EBNHC,Officials Celebrate PACE Facility Groundbreaking

By Seth Daniel

Several City and state officials joined those from East Boston Neighborhood Health Center (EBNHC) to break ground on the forthcoming PACE center on Garofalo Street at the location of the former Mottolo Post. Shown here (L-R) are State Rep. RoseLee Vincent, State Sen. Joe Boncore, EBNHC Board Member Rita Sorrento, Speaker Bob DeLeo, EBNHC CEO Manny Lopes, Councillor Arthur Guinasso and Revere Planner Bob O’Brien.

The East Boston Neighborhood Health Center (EBNHC) embarked upon a project that will produce its largest and newest PACE program center in the network – a center that is designed to accommodate older adults in the daytime hours so they can continue to live at home in their neighborhoods.

Last Thursday, Nov. 9, City, state and EBHNC officials gathered on Garofalo Street at the location of the former Mottolo Post to break ground on the exciting project – scheduled to open at the end of the summer in 2018.

“Once completed, the site will accommodate more than 200 elderly residents from Revere an some surrounding cities and towns like Winthrop, East Boston and Everett,” said EBNHC CEO Manny Lopes. “This program is designed to keep older adults healthy and independent and at home living in the community as long as possible.”

Lopes said there will be physicians, nurses, social workers, physical therapists, occupational therapists, activity directors, dieticians, pharmacists, home care coordinators and transportation.

“This is definitely the best kept secret in health care,” he said. “We are excited to bring this version of PACE to Revere.”

The program, he said, serves those on Medicare and Medicaid, so there are little to no out of pocket costs for those attending the PACE.

Greg Wilmot, assistant vice president of PACE, said the Revere center will be the largest center in the existing four-site network.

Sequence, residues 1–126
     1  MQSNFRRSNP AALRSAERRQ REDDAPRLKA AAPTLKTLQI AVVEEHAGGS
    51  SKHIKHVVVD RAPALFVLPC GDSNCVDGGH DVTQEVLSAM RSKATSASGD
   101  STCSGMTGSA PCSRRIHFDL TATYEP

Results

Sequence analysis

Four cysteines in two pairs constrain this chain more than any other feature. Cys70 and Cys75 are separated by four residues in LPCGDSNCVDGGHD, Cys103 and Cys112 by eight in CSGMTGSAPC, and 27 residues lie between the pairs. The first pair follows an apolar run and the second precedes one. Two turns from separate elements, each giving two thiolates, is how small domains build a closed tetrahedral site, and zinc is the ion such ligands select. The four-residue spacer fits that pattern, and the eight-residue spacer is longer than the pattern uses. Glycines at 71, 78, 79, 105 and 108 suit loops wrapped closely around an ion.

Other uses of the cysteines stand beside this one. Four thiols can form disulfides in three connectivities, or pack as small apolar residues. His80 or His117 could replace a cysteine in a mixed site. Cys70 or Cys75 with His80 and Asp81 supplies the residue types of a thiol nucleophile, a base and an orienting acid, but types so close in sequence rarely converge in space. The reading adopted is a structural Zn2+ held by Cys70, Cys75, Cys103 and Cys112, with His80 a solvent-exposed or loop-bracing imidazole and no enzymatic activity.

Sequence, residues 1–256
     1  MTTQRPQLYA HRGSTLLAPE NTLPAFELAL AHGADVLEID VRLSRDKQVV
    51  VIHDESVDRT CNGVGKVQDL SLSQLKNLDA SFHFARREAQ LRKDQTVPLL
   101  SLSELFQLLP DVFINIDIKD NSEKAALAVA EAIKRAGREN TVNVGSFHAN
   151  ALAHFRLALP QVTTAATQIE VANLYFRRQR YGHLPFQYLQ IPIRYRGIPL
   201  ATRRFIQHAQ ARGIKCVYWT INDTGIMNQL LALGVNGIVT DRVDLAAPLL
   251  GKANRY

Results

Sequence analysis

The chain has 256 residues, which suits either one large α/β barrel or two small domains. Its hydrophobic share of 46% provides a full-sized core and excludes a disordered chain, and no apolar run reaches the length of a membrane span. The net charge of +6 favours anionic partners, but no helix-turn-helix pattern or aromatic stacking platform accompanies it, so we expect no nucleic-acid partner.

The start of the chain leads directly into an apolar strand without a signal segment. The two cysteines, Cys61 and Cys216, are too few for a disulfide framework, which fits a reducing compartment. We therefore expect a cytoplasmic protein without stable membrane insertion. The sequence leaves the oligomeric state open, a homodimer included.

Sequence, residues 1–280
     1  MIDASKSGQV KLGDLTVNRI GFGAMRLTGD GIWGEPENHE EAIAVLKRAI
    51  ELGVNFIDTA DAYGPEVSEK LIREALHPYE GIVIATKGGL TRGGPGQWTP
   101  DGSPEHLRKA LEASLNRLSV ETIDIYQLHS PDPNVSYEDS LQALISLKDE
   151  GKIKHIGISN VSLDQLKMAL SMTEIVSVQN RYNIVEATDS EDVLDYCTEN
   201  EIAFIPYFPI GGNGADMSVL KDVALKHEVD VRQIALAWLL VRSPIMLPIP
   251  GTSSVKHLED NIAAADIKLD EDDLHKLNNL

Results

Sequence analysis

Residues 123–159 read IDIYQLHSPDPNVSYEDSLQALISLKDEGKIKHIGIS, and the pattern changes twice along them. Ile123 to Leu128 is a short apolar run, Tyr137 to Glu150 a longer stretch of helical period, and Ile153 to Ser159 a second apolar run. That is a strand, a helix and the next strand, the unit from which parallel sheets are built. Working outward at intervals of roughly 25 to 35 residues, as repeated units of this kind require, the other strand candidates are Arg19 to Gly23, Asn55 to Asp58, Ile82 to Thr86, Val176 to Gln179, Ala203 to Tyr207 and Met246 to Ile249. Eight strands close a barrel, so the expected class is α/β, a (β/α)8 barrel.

He said the hours would be from about 8 a.m. to 4 p.m., and transportation to and from the home is provided – if a patient needs it. That eliminates the need to drive to and from the PACE and allows seniors to be able to attend much longer.

Transportation is also provided to and from appointments during the day at PACE. In addition to the health services for clients, and the socialization and activities for clients, Wilmot said the center could potentially be a key meeting location for the community.

“This center will give us an opportunity to be a resource to the community after hours, making it a place where it is also a community space too,” he said.

Speaker Bob DeLeo, who has been working on such models at the state level for years, said this is a great example of bringing health care to the people – rather than people having to go to health care.

“You meet people where they are, bringing health care directly into the community while being conscious that different neighborhoods have different needs,” he said. “Your focus on cost of care and building relationships with patients is remarkable.”

Bob O’Brien, of the City of Revere’s Planning Department, said they are excited about the development.

“We are thrilled to have it come to Revere,” he said. “It is precisely the kind of development the mayor supports and our residents welcome.”

The PACE program is designed to be a resource during the day for older adults living in their homes. The goal of the program is to help older adults reach their health goals, while also continuing to live in the community that they know and thrive in.

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